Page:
When I visited Green Mountain at Fox Run back in May of 2012, I learned so much. About body image, mindful eating, social pressures, psychology, stress, rebellion, tenderness … it was a very intense education compressed into a single amazing week. During my stay I was also reminded of many things I already knew. I was reminded that women are AMAZING at supporting and caring for other women, especially in times of need and crisis. I was reminded that our urges to care for others often eclipse our urges to care for ourselves. I was reminded that depriving a physical body will only work for so long before biology and nature win out.
Originally posted 2012-09-20 06:00:53.
Growing up, T.H. White’s The Once and Future King was my absolute FAVORITE book. I must’ve read that giant tome a dozen times during my preteen and teen years, and even now its gorgeous prose still haunts me. White’s take on the Arthurian legends included numerous unexpected twists and bizarre plot devices, but this one was by far my favorite:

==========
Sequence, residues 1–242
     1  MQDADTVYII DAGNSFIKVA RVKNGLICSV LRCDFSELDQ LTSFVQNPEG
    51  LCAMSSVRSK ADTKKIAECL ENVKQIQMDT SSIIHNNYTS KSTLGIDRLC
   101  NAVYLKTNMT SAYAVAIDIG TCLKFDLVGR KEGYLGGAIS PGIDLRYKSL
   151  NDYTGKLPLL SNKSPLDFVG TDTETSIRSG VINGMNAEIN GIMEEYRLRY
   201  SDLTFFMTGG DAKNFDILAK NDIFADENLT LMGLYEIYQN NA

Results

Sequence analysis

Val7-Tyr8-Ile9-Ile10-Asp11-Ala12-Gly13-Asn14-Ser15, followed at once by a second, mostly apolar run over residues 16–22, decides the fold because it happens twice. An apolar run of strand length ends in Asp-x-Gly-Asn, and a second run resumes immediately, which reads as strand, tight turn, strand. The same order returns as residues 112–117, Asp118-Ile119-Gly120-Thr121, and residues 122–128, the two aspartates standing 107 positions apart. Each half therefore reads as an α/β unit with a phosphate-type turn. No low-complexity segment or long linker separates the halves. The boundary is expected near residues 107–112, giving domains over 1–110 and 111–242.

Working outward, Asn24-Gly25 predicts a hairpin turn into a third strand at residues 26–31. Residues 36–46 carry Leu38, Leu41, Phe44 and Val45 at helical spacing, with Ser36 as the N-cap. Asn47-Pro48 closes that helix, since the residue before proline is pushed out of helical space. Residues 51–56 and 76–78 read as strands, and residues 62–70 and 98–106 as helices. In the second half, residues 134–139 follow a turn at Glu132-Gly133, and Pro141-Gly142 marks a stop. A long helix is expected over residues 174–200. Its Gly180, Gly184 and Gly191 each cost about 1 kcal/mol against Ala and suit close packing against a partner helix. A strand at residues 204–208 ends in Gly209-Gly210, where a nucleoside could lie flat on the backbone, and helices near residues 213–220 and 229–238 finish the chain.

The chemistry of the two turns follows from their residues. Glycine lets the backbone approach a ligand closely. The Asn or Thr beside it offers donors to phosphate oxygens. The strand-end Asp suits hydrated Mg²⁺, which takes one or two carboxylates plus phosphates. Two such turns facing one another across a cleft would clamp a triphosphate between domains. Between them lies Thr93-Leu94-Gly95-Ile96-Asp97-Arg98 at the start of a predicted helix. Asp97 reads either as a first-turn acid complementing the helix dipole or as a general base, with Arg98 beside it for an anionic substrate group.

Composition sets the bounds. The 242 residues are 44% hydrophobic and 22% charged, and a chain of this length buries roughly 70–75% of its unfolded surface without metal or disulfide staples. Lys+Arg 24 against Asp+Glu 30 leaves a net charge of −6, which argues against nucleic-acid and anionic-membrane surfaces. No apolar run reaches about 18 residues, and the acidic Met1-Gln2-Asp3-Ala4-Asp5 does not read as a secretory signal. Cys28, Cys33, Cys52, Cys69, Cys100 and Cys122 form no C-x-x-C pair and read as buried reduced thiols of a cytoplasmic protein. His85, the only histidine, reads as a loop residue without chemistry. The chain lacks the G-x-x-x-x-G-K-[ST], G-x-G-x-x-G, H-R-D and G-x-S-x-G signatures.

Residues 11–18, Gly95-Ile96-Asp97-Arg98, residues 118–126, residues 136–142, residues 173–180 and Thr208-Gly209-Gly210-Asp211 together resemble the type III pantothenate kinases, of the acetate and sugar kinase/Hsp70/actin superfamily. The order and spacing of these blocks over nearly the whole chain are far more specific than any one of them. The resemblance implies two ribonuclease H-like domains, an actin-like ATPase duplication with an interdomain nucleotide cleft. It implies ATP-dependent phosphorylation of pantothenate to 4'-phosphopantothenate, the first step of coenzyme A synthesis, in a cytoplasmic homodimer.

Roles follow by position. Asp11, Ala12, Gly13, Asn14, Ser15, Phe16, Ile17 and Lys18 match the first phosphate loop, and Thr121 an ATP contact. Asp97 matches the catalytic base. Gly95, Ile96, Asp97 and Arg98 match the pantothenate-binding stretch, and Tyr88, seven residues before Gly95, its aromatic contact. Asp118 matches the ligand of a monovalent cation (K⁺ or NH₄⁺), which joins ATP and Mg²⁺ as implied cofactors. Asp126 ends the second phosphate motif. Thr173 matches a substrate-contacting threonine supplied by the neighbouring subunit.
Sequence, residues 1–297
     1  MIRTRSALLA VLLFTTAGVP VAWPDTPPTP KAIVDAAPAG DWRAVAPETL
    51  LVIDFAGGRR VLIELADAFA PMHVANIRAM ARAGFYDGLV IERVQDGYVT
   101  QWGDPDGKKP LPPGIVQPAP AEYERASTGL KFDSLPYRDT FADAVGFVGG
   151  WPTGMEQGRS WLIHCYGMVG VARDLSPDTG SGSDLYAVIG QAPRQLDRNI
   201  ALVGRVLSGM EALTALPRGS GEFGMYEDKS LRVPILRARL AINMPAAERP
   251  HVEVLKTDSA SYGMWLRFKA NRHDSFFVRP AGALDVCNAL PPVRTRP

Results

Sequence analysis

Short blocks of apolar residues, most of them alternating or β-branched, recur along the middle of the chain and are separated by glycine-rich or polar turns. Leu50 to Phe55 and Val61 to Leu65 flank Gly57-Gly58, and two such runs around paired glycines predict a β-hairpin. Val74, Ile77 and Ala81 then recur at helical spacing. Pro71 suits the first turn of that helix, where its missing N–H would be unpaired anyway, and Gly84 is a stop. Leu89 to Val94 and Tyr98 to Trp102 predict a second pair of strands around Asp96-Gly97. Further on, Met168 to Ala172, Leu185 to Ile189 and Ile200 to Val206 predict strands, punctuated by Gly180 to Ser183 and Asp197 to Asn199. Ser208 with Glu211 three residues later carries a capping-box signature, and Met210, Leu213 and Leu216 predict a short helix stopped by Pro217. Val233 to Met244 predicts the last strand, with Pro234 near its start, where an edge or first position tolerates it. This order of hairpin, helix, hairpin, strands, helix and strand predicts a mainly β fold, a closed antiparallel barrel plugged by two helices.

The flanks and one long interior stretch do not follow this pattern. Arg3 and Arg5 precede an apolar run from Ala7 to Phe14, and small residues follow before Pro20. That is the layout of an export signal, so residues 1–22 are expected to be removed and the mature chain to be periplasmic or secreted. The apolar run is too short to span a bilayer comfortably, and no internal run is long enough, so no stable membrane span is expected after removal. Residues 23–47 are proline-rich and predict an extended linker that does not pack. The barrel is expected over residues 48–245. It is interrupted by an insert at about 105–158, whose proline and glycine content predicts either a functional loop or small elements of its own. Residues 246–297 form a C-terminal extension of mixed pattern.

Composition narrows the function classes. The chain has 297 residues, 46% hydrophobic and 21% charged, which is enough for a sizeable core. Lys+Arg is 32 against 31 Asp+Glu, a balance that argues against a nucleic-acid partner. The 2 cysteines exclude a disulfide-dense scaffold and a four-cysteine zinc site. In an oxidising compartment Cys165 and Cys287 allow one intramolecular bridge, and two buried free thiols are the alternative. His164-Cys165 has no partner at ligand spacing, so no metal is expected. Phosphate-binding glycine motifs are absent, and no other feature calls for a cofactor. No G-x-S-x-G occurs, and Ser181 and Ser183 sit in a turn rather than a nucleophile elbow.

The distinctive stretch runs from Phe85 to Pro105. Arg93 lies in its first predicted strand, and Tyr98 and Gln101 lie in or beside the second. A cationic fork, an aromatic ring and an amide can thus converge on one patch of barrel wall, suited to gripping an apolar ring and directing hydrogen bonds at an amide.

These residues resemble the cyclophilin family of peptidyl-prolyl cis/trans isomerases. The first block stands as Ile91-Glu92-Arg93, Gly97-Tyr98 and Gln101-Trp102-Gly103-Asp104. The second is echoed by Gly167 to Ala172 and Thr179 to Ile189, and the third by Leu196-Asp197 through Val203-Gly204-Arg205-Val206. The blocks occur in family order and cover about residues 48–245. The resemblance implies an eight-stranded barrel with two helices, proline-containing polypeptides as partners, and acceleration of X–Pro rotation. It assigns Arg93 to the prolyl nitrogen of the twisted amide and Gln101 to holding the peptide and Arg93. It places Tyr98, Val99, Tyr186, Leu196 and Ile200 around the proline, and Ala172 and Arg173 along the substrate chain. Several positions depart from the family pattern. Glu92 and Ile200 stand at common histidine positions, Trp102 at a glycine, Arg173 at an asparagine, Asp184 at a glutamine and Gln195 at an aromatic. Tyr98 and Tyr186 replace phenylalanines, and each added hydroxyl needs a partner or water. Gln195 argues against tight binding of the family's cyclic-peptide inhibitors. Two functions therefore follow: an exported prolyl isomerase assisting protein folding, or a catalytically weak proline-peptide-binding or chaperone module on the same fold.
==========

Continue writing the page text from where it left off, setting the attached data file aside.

At some point in the course of the Camelotian hoo-ha, everybody decides it’s time to hunt down the Holy Grail. And the knights get all jazzed and pack up their knightly belongings in preparation for the big quest. But there’s a catch, and it’s a doozy. Not only is the Grail fairly hard to track down, but the person who actually finds it will immediately achieve total perfection … and, therefore, cease to exist.*
Originally posted 2009-07-07 05:46:00.
Before I became interested in dressing and style, I avoided thinking about my body. At all costs. I didn’t look in the mirror if I didn’t have to, didn’t focus much energy or attention on how my outfits interacted with my figure, and did my utmost to think about anything besides my own physicality. Because of this choice, the information I was given about my body came almost exclusively from external sources. And none of it was good news: I was chubby, disproportionate, my breasts were too small and my hips were too big, my arms were flabby and so was my stomach. Virtually all of this information was comparative: I was flabby compared to Gwyneth Paltrow, my breasts were too small compared to Victoria’s Secret models … you know the drill. I studiously ignored my body, hoping its perceived inadequacies would diminish if I pretended I was a brain in a jar. And yet this comparative information still crept in and made me feel inadequate.
Originally posted 2013-09-16 06:02:50.